(File pix) The adoption of the Building Information Modelling technology by the Public Works Department facilitates the speedy completion of public infrastructure projects, such as the National Cancer Institute, which was completed 15 days ahead of schedule. NSTP Photo

GIVEN the drastic changes taking place across multiple fronts, humankind is, for the first time, witnessing a historic exponential transformation. In an unprecedented fast-changing world, what is considered normal today could well be obsolete tomorrow.

Inevitably, we have to do things differently. Our survival rests on our innate abilities to adapt to changes or risk being sidelined.

A report by the World Economic Forum suggests that 65 per cent of children in primary schools today will end up doing jobs that do not yet exist. This prognosis about the future of work exemplifies the need for us to break out of our comfort zone and embrace the new reality that is being thrust on us from the confluence of external forces.

In a recent speech, Chief Secretary to the Government Tan Sri Dr Ali Hamsa urged civil servants to commit to a fundamental mindset shift by challenging their underlying assumptions and mental models. Instead of preserving the status quo, that may be applicable during more stable times, greater emphasis should be placed on doing things anew. This requires a transformation in the way the public sector responds to changes to serve the rakyat better. A generous dose of creativity and innovation is needed.

Creativity and innovation have notably been high on the government’s agenda in recent years. The National Transformation 2050 (TN50), with avantgarde programmes,

including the Government Transformation Programme and Econo mic Transformation Programme, shows the government’s commitment to using innovation as the driving force of growth and prosperity.

The much-applauded National Blue Ocean Strategy (NBOS) embodies the nation’s aspiration in leading innovation and change in the public sector. NBOS initiatives, including the Urban Transformation Centre, Rural Transformation Centre and Community Rehabilitation Programme, proved to be successful in delivering cost-effective solutions, while breaking down silo working practices between ministries and government agencies.

In the era of the Fourth Industrial Revolution, which is fuelled by technological advancements, the government is engaged in embracing digitalisation as a key vehicle in steering the public sector towards becoming a futureproof entity.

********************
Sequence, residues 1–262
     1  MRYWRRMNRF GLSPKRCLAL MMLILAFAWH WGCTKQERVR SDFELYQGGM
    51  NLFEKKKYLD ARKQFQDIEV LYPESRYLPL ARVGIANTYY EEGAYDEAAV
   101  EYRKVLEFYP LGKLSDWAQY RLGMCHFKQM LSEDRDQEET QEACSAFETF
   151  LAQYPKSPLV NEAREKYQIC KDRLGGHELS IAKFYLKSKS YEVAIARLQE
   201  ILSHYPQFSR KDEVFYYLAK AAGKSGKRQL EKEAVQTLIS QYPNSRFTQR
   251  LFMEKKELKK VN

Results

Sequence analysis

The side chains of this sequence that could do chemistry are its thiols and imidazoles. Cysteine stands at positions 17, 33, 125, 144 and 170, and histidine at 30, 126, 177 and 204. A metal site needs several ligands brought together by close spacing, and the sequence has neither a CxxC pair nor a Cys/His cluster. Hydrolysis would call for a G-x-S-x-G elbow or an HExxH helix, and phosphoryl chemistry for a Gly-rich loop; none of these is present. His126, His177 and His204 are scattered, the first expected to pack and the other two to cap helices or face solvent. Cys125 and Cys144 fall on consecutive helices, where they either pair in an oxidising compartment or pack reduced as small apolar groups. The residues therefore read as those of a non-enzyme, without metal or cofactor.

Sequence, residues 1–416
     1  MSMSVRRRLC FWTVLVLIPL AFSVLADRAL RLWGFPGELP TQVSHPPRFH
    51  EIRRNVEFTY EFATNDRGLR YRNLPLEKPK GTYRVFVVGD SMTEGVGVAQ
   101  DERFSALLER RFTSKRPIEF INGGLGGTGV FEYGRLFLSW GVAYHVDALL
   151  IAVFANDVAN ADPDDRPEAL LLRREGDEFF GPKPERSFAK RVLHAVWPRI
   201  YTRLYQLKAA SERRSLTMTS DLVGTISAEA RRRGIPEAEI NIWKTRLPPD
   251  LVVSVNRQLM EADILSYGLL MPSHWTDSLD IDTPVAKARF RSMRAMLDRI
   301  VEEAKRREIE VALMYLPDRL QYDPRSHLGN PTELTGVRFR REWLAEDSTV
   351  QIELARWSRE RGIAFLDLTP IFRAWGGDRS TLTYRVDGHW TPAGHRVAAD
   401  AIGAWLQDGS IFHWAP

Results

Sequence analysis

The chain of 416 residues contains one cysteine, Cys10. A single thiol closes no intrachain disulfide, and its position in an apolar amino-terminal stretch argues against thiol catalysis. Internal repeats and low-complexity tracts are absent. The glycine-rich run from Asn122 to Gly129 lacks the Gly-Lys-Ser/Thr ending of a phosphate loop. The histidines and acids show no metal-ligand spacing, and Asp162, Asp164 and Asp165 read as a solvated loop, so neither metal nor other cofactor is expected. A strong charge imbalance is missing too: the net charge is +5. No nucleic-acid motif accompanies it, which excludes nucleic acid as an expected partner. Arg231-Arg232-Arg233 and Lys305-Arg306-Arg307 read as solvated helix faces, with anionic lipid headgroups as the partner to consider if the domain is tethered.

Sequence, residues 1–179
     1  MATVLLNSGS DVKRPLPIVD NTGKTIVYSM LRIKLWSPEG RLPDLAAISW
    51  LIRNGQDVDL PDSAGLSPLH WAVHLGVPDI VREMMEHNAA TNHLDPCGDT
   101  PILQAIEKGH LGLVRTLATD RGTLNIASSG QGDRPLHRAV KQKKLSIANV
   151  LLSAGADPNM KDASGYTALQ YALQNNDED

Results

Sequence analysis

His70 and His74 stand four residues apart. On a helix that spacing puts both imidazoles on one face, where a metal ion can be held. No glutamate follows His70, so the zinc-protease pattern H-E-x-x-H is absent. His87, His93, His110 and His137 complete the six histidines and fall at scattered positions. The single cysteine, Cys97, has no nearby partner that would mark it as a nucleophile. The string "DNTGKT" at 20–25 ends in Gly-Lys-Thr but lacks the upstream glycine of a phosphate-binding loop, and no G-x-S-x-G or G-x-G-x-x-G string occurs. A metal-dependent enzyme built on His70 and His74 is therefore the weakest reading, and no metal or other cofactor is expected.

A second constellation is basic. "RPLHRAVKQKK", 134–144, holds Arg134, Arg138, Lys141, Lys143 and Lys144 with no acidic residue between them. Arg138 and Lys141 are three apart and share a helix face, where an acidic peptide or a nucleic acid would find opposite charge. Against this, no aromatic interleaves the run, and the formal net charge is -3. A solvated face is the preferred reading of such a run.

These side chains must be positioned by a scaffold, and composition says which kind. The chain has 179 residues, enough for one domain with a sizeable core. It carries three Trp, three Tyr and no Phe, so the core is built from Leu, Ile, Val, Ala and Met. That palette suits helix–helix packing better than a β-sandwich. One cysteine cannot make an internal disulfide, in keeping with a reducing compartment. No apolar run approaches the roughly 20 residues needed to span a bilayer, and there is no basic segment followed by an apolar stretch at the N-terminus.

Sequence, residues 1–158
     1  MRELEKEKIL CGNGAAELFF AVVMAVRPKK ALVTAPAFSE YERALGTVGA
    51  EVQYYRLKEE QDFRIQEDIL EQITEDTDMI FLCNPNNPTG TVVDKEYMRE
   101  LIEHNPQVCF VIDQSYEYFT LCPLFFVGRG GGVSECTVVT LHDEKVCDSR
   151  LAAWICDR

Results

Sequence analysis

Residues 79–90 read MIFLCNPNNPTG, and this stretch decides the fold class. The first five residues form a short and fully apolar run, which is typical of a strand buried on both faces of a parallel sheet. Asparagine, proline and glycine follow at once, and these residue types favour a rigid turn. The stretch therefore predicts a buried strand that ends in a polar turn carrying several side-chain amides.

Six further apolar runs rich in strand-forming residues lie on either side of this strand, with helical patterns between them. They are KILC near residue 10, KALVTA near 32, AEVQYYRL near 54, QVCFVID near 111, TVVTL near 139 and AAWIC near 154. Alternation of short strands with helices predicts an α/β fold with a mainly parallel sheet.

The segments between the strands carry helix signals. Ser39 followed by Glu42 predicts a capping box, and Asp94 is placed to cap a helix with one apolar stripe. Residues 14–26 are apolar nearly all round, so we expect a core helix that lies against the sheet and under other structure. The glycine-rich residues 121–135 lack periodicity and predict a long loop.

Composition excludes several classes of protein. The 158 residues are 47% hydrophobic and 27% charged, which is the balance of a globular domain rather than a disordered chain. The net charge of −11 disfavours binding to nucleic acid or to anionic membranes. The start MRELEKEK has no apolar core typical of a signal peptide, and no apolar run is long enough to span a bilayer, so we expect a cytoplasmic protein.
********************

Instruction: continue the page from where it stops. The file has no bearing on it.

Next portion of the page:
The Cloud First Strategy, mooted by the prime minister last year to accelerate the digital economy, reflects the digital transformation undertaken by the government to deliver innovative public sector services using cost-effective cloud technologies.

In the construction industry, the Public Works Department is spearheading the adoption of the revolutionary Building Information Modelling technology, which facilitates the completion of public infrastructure projects at greater speed and higher quality work. It is exemplified by the recently launched National Cancer Institute, which was completed 15 days ahead of schedule.

All these initiatives lay the foundation for the government to engage the public sector’s transformative approach known as Government 3.0.

Powered by advanced information and communications technology, Government 3.0 aims to make the government more service-oriented, competent and transparent. Guided by four core concepts — open, share, communicate and collaborate — seamless engagement between stakeholders is vital in realising the aspirations of the rakyat.

One of the key areas of the public sector reform that resonates well with Government 3.0 relates to public procurement.

In a continuous effort by the government to ensure transparency, integrity and accountability in the public sector, the transformation of public procurement by leveraging on cutting-edge technologies such as artificial intelligence and block chain technology, together with good governance principles, boosts efficiency in the procurement processes, reducing the threat of unfairness or misuse of public funds and enabling fair and transparent procurement procedures.

The innovative public procurement model, operating in a corruption-resilient procurement environment, will cut down the layers of bureaucracy and intricate procedures that the public service is noted for.

As the world continues to find its footing amid the mega trends, it is not the strongest or the most intelligent who will survive, but those who can best manage change. TN50 has given the country an “extended play” platform to map out a fresh strategic path to be among the top countries in the world in terms of economic development, people’s wellbeing and innovation in the next three decades.

In tandem with the Fourth Industrial Revolution, the new normal philosophy paves the way for the public sector in championing innovation towards achieving TN50’s inclusive aspirations for a greater Malaysia.


DR KHAIRIL HIZAR MD KHUZAIMAH and DR MEGAT ZUHAIRY MEGAT TAJUDDIN

Public Works Department

TN50 Taskforce

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